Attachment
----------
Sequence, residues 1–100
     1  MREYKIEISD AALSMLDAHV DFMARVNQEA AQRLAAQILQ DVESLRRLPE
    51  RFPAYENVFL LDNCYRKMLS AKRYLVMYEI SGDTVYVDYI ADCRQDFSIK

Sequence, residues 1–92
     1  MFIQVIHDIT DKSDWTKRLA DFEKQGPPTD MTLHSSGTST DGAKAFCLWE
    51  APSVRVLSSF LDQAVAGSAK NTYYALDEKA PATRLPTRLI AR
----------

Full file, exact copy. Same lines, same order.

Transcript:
Sequence, residues 1–100
     1  MREYKIEISD AALSMLDAHV DFMARVNQEA AQRLAAQILQ DVESLRRLPE
    51  RFPAYENVFL LDNCYRKMLS AKRYLVMYEI SGDTVYVDYI ADCRQDFSIK

Sequence, residues 1–92
     1  MFIQVIHDIT DKSDWTKRLA DFEKQGPPTD MTLHSSGTST DGAKAFCLWE
    51  APSVRVLSSF LDQAVAGSAK NTYYALDEKA PATRLPTRLI AR